Russian president Vladimir Putin signed a decree outlawing public assemblies, among other security tightening measures, for a 2 1/2-month stretch including the Sochi Olympics in February.
The Rossiyskaya Gazeta, an official Russian government newspaper, published the decree Friday, according to The Associated Press.
All “gatherings, rallies, demonstrations, marches and pickets” that are not part of the Olympics or the Paralympics will be prohibited in Sochi from Jan. 7 to March 21, the decree said.
The Sochi Olympics run from Feb. 7-23, and the Paralympics are March 7-16.
It is not known if the decree specifically addressed Russia’s law banning the “propagandizing” of “nontraditional sexual relations” toward minors.
The Russian government sent a letter to the International Olympic Committee on Thursday saying it will not discriminate at the Olympics and at the same time defending the law.
IOC president Jacques Rogge was asked at the United Nations in New York on Friday if he was satisfied by what he’s been told about the Russian law.
“We have received strong oral but also written reassurances that there will be no discrimination for the people who will attend the Games in Sochi,” he told reporters. “We are going to inform all the National Olympic Committees and the athletes who want to have clarity that we are being comforted by the fact that the Russian Federation agrees to respect the Olympic Charter.”
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We already knew Katie Ledecky can beat the boys in practice, even an Olympic champion.
One of the many takeaways from this week’s Sports Illustrated profile of Ledecky is that she has beaten 11-time Olympic medalist Ryan Lochte in practice.
Ledecky and Lochte may rep different swim clubs — Ledecky in Washington, D.C., and Lochte in Charlotte — but they both take trips to the U.S. Olympic Training Center in Colorado Springs, Colo., for altitude training.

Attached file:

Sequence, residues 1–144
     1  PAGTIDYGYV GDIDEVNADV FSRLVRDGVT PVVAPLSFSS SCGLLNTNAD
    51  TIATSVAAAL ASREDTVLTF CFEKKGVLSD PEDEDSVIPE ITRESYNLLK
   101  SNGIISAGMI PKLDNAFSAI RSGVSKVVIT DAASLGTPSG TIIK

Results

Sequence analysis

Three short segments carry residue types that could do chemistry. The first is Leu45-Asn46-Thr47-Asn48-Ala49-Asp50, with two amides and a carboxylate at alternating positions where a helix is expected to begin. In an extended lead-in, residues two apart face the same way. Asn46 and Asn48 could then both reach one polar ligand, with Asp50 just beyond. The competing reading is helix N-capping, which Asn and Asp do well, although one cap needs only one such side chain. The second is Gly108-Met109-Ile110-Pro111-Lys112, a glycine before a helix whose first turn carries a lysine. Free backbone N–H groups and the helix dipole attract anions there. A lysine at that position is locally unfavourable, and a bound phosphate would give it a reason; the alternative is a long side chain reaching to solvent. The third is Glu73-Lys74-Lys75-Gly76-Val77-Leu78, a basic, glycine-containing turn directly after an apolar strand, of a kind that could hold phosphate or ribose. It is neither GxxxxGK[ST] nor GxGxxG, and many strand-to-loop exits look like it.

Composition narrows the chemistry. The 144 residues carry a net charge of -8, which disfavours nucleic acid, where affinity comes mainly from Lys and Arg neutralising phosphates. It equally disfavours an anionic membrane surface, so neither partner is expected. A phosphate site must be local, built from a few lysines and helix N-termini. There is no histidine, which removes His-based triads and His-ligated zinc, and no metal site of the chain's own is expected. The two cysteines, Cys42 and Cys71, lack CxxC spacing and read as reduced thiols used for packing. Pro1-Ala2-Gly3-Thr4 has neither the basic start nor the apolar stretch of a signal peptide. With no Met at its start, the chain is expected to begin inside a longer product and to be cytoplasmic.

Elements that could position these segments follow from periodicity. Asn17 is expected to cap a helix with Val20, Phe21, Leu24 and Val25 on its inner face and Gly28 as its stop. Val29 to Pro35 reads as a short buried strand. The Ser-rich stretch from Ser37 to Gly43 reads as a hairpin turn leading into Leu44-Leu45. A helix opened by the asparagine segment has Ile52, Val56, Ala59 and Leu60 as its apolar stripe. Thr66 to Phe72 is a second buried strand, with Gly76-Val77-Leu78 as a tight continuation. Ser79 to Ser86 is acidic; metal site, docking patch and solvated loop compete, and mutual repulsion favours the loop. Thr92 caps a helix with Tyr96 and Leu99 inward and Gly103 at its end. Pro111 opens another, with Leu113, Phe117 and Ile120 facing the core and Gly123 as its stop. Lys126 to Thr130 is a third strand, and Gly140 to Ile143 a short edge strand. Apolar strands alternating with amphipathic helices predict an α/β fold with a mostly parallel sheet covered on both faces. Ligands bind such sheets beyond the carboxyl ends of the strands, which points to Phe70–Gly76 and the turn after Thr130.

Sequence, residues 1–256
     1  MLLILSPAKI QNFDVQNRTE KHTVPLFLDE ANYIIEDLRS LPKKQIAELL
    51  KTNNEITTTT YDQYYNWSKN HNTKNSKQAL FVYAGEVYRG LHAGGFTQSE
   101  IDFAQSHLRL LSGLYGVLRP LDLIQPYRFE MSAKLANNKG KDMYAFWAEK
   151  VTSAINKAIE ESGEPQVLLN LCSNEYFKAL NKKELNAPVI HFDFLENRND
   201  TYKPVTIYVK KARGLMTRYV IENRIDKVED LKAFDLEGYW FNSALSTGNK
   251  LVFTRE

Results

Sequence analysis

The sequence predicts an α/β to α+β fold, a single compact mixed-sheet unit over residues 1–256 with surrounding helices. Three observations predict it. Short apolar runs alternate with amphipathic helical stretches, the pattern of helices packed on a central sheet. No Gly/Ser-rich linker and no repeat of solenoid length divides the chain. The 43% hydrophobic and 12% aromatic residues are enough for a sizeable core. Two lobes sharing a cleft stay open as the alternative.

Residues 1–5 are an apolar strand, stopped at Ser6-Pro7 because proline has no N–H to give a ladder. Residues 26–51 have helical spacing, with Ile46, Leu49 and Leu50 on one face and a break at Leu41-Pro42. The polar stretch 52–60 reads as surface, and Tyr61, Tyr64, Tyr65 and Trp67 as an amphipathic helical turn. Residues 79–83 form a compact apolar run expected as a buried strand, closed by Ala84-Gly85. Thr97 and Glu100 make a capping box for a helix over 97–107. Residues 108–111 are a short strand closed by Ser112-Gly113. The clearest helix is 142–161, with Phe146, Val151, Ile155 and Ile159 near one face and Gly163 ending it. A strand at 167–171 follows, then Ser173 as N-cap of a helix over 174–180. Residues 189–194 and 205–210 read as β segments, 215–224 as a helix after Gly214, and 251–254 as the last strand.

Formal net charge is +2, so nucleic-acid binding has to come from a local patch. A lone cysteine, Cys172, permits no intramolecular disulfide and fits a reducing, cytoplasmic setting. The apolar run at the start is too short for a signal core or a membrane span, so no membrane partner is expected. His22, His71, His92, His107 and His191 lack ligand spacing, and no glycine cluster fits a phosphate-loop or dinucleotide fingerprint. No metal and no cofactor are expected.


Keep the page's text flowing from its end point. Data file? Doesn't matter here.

“She swims like a guy,” Lochte said after training with Ledecky in Colorado Springs in March, according to SI. “I’ve never seen a female swimmer like that. … Her times are becoming good for a guy. She’s beating me now, and I’m like, What’s going on?”
When Ledecky broke the women’s 1500m freestyle world record for the third time at the August 2014 Pan Pacific Championships, her time of 15:28.36 was .01 faster than Lochte’s 1500m free time at the 2004 U.S. Olympic Trials (one of the rare instances Lochte swam a 1500m free).
Ledecky has since re-broken the women’s 1500m free world record twice more, bringing it down to 15:25.48.
“I trained with her in Colorado once, and she made me look like I was stopping,” Lochte reportedly told media on his 31st birthday, Aug. 3 at the World Championships in Kazan, Russia. “She flew by me.”
MORE: Shirley Babashoff bows to Katie Ledecky
Athens Olympic softball champion Jennie Finch will manage the Bridgeport Bluefish, an independent minor-league baseball team on Sunday and, reportedly, become the first woman to manage a men’s pro baseball team.
Finch, a pitcher, retired from softball in 2010, two years after her sport’s Olympic farewell in Beijing, where she and the U.S. took silver behind Japan.
Finch has been an advocate for softball’s return to the Olympics, which could happen in Tokyo 2020.
The International Olympic Committee is expected to decide in August if baseball and softball, among four other sports, will be added for the Tokyo Games.
Finch, who is married to former MLB pitcher Casey Daigle, is also known for having struck out Albert Pujols.
MORE: Jennie Finch, Lisa Fernandez weigh in on Mo’ne Davis